Wednesday, May 6, 2009

And now. . . Tomatoes!

It's not too late to set down some tomatoes in your patch of yard for a bit of summer yumminess! For the uninitiated, I'll go over some basics on selecting, planting and taking care of the little guys that will guarantee some serious abundance. Follow these steps and you will be up to your ears in tomatoey goodness.

For those of us in the summer fog belt, we've been dissuaded before: "Here dearie, put that tomato plant down. How about a nice selection of lettuce mixes?" Even here in the Bay Area, however it is possible to get a bumper crop if you just follow a few guidelines.

  • Select a tomato variety that matches your climate. I recommend Sun Golds, which are lovely orange cherry tomatoes, highly snackable, and Early Girls, which are medium to large and have a great flavor for stuff like bruschetta or salsa and are out of this world when fried green. When you're purchasing your start, you want a tomato that isn't growing out of its little pot all cocky; you'll want something more humble with a few fully developed leaves and many more ready to spring out in the near future. Shy away from yellowed or spotted leaves and don't even go near white, powdery plants. Powdery mildew is krypton to Bay Area tomatoes and can spread to other plants in your garden.
  • Tomatoes' style does not like to be cramped. Be sure to select an area that will allow for a long tap root (think 3 to 4 feet deep). That means you'll need to dig a bit, but the results will be worth it! I don't recommend growing tomatoes in pots (sorry, apartment dwellers), but if you must I would select the largest pot you can muster. Also, you want to select the sunniest, hottest part of the yard to plant it. (Don't forget the sunscreen.)
  • Now for soil. Do not scrimp on soil! Soil is key to giving the plant everything it will need to do its thing. I tend to buy whatever the stoner kids buy. Tomatoes have very similar nutritional needs to. . . other plants and I find that they respond very well to Fox Farm Ocean Forest. I buy mine at the Super Long's on Broadway and 51st. If you can't justify spending $12 on a bag of dirt (and I don't blame you), consider making your own compost in a bin you can buy from, but at the very least buy something that says "planting mix" and never buy anything that says "potting soil". Even if you're putting it in a pot. Potting soils usually have a bunch of fluff and not enough substance, so after a while your plant will not have the vitamins it needs and the potting soil will dry out faster than a mix with more nutrients and substance.
  • So you have a hole in the ground, your plant, and the dirt- what next? Mix the bagged soil with a little bit of the dirt that came out of the hole. Break up any clumps and fill the hole about 1/3rd of the way. As you work your way up, start mixing in more of the good soil and less of the other stuff. By the time you've filled the top, you should be using straight compost, but try to put as much near where the roots will be when you plant it. One plant will typically use 3/4 of a cubic foot of soil. Use the extra soil from digging out the hole to form a berm around the center about 18" or so in diameter. This will be your air traffic controller to the water coming out of the hose. Can you just see it in an orange vest swishing it's flags? "The tomato! Stay near the tomato!"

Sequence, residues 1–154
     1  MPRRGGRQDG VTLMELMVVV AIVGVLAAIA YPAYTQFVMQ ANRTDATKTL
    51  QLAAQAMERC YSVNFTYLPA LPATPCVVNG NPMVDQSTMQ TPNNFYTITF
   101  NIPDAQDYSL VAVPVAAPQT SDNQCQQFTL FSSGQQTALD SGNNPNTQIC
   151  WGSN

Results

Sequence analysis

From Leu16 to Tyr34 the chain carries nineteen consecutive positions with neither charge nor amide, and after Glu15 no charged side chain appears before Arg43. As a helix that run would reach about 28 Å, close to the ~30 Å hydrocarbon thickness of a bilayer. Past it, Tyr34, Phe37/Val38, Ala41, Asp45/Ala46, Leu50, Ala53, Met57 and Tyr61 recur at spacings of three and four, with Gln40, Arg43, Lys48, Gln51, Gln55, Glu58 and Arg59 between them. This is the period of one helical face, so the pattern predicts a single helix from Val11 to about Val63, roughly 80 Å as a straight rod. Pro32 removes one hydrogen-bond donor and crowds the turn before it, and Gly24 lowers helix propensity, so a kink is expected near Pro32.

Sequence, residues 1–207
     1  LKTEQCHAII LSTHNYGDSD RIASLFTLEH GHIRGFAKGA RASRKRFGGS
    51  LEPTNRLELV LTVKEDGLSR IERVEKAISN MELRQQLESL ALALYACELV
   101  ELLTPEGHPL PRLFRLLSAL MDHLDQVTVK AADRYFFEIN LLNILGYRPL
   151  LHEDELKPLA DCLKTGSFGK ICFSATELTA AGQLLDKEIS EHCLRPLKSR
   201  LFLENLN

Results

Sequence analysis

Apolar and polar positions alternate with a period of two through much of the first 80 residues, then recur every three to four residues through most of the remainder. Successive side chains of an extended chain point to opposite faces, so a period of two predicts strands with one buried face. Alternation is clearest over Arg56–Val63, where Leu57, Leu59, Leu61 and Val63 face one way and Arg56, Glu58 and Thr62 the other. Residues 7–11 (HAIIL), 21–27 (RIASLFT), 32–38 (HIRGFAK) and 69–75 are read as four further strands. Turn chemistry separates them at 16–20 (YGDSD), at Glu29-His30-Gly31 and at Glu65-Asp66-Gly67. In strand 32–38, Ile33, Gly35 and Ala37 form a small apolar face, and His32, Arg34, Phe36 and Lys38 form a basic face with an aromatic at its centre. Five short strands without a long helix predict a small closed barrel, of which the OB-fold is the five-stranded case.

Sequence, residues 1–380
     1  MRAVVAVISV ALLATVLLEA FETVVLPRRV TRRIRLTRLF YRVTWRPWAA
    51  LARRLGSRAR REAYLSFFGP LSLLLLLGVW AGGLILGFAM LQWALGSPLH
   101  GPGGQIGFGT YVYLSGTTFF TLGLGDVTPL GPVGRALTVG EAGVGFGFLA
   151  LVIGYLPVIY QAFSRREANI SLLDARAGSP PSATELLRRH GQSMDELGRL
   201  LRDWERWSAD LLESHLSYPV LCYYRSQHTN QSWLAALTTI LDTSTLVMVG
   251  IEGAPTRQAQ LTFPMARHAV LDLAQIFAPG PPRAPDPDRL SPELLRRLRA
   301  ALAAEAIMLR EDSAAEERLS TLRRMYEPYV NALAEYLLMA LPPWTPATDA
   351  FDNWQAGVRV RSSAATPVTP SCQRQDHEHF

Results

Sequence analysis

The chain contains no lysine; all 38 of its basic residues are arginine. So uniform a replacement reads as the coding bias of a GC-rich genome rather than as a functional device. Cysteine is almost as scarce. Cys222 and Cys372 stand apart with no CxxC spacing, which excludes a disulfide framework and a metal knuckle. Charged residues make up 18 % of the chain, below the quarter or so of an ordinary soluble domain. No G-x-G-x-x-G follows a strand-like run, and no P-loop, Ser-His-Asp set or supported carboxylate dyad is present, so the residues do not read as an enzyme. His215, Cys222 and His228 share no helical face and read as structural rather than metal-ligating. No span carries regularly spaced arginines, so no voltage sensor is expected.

• Take the tomato out of it's mini-pot and give it a nice and gentle root massage. The soil should fall away and any roots that were coiled at the bottom of the pot should be loosened up. The goal is ditch the square shape of the pot. This will encourage the roots to explore and the plant to grow.
  • Now, have a little faith for this next step. Plant the tomato so that only the top-most leaves are sticking out of the ground. Trust me! Any other plant will curse you for this, but tomatoes will develop a stronger root system from the sides of the stem if it's underground. It will look puny for a week or two, but will catch up in no time.
  • Water the little sucker and put in a tomato cage. When picking out a tomato cage, think optimistically and buy the biggest one. I never take my own advice and the giants end up forcing the tiny cages out of the ground, so learn from my mistakes!
  • Water deeply once a week. Remember, it's developing long roots, so the water needs to reach them. I'd say stand there with the hose long enough to send and receive a text message or two. If it wilts a bit in the sun, wait for the sun to go down. If it doesn't perk back up, give 'em a little drink.
Here's a great recipe from "Joy of Cooking" that will help you dispose of your harvest:

Golden Tomato and Ginger Jam (Page 936 in the 75th Anniversary edition)

Wash and slice in half, catching the juice:

2 pounds orange cherry tomatoes

Combine in a bowl with :

2 cups sugar

Cover and steep for 4 hours

Wash ginger and lemons. Peel and slice in thin strips:

4 ounces fresh ginger

Strain the tomato syrup into a large saucepan, reserving the tomatoes. Add the ginger and:

Finely grated zest and juice of 8 ounces lemons

Slowly bring the syrup to a boil, then boil rapidly until it falls from a spoon in heavy drops. Blend in the tomatoes. Boil rapidly, stirring frequently, to jelling point. Remove from the heat and skim off any foam. Ladle into hot 1/2 pint jars, leaving 1/4 inch headspace. Process for 10 minutes.

See also tomates confites courtesy of

1 comment:

  1. oh no! i've come to the end! i've had a ball the last few nights. thank you. i'll check back in periodically. ls